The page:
Director Vidal, in no uncertain terms, reprimanded OpenSky for its actions, writing: “The totality of OpenSky’s conduct evinces a singular focus on using an America Invents Act of 2011. AIA made modest reforms, most notably moving the U.S. to a first-inventor-to-file system more aligned with foreign practice, but also including expanding prior user rights to all patent-eligible subject matter, and instituting a post-grant review proceeding. proceeding to extort money, from any party willing to pay, and at the expense of the adversarial nature of America Invents Act of 2011. AIA made modest reforms, most notably moving the U.S. to a first-inventor-to-file system more aligned with foreign practice, but also including expanding prior user rights to all patent-eligible subject matter, and instituting a post-grant review proceeding. proceedings,” and that: “Each aspect of OpenSky’s conduct—discovery misconduct, violation of an express order, abuse of the Intellectual Property Rights. Usually associated with formal legal rights such as patent, trademark, and copyright. Intellectual property is a broader term that encompasses knowledge, information, and data considered proprietary whether or not it is formally protected. process, and unethical conduct—taken alone, constitutes sanctionable conduct. Taken together, the behavior warrants sanctions to the fullest extent of my power. Not only are such sanctions proportional to the conduct here, but they are necessary to deter such conduct by OpenSky or others in the future.”
Vidal removed OpenSky from its lead role, preventing them from actively participating in the ongoing proceedings, and ordered that they show cause as to why they should not be mandated to compensate VLSI for its time and efforts—a first for the Patent Office. Vidal also noted that OpenSky’s attorneys may have committed ethical violations under the rules of their respective bars.
Vidal was right to ensure that sanctions on OpenSky would not compromise the USPTO’s mission to promote patent quality.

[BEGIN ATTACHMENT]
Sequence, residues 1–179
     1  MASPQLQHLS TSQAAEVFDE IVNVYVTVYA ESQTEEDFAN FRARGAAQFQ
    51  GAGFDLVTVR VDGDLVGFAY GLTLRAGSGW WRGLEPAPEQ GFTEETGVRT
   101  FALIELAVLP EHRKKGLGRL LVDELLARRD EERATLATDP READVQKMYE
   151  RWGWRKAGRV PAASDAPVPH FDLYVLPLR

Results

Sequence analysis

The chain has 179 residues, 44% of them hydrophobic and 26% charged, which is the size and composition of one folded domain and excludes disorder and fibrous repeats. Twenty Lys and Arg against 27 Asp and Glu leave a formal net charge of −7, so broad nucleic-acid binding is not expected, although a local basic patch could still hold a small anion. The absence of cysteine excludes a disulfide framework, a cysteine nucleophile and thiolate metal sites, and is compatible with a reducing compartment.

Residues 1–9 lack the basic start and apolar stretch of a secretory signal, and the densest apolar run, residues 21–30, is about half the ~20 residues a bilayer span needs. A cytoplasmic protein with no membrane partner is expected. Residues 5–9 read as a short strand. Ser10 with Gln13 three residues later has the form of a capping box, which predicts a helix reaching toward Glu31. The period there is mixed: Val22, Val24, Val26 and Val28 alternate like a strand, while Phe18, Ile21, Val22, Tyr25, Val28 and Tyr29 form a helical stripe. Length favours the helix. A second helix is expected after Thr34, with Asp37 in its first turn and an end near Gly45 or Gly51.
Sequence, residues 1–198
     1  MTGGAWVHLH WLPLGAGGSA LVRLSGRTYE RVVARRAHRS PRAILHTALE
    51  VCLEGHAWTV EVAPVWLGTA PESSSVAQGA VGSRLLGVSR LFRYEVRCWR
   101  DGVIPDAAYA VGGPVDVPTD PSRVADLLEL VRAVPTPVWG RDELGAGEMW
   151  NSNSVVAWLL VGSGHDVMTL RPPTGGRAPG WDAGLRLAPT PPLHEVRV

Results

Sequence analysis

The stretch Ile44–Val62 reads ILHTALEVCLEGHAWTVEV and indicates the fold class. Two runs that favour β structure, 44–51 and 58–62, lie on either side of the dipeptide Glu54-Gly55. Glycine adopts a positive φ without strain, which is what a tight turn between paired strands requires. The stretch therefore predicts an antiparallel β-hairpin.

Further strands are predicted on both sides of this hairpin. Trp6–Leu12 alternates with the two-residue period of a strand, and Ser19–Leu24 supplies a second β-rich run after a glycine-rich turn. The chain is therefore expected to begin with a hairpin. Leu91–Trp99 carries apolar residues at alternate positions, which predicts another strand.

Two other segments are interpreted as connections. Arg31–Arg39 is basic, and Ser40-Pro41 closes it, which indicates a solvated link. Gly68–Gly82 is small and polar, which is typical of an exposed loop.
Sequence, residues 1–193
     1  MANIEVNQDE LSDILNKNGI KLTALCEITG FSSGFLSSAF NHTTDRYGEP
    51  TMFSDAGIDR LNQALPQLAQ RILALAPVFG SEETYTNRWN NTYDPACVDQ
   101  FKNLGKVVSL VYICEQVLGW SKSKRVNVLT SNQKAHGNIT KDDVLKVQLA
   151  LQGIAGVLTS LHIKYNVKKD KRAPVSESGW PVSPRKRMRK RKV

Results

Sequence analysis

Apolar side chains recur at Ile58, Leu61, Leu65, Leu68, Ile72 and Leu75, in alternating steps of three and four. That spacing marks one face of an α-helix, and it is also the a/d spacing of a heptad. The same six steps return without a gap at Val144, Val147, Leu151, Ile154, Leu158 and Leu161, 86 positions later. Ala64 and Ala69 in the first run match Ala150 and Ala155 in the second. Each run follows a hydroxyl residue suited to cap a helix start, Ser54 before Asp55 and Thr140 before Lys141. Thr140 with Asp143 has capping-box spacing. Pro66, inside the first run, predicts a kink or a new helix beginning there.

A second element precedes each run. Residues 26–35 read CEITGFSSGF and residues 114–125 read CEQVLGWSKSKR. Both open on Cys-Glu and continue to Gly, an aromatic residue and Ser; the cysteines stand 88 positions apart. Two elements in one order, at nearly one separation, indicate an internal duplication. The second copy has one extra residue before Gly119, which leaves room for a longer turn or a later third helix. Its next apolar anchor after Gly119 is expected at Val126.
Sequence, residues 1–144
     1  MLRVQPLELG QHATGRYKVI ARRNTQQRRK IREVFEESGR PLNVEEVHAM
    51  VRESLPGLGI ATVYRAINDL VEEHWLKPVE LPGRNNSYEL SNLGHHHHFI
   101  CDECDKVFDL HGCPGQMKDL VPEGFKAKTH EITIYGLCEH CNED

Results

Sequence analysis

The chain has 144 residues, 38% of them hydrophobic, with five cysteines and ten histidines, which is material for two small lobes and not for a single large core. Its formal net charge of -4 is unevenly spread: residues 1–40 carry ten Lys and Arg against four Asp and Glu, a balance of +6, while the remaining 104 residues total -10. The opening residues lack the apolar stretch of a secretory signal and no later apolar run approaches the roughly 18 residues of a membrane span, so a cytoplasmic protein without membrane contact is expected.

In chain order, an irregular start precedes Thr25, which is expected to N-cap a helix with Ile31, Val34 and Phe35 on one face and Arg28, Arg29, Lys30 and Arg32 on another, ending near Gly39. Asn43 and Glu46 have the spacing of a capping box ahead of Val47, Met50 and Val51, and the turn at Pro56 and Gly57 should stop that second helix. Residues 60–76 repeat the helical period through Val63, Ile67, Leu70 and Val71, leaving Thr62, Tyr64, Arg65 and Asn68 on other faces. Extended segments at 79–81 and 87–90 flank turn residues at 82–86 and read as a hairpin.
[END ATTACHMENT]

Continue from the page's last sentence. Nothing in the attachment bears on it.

Reviewing VLSI’s Patents on Their Merits
Among the criticisms of the Director’s actions in this case is the assertion that Intel is somehow getting a second bite at the apple to have VLSI’s patents invalidated. This contention completely misrepresents the dispute’s history. As Vidal’s decision makes clear, Intel was prevented from having a first bite at the apple, not because of its petition’s merits, but because review was discretionarily denied due to the illegitimate NHK–Fintiv rule. Under Director Vidal’s more recent guidance, the denial would not have occurred.
Vidal wrote that the “Board did not reach the merits of the prior Intel petitions” and that the “petitioner has shown a reasonable likelihood it will prevail with respect to unpatentability.” Beyond this, the Board has determined that the petition made a compelling case of invalidity, a higher standard than a reasonable likelihood.
In other words, Intel never received a fair shot at presenting its case and the Board has since determined that Intel’s petition shows that there is not just a reasonable likelihood that VLSI’s claims are invalid but in fact a compelling case that those claims should never have been issued.
It is also important to remember, despite how VLSI may try to frame the decision, that OpenSky was not acting as a surrogate for Intel. OpenSky sought to extract payments from both VLSI and Intel – offers that Intel refused – and Vidal found that “there no evidence that Intel was complicit in OpenSky’s abuse.”
Director Vidal wisely chose to sanction parties, not petitions. This allows the United States Patent and Trademark Office. See also PTO. to “focus on a principled, replicable approach that is in the best interest of the public,” an approach which prioritizes the merits of each petition and the public interest. Reviewing likely invalid patents while also eliminating bad actors from America Invents Act of 2011. AIA made modest reforms, most notably moving the U.S. to a first-inventor-to-file system more aligned with foreign practice, but also including expanding prior user rights to all patent-eligible subject matter, and instituting a post-grant review proceeding. trials is the best way to prevent future abuses while still fulfilling the USPTO’s mission.
The OpenSky case, despite the twists and turns and series of decisions it has gone through, has ultimately come to the right place. Patents that are likely invalid will finally face full review and OpenSky has been properly punished. It sends a strong signal that the United States Patent and Trademark Office. See also PTO. is committed to a fair and equitable system that will improve patent quality.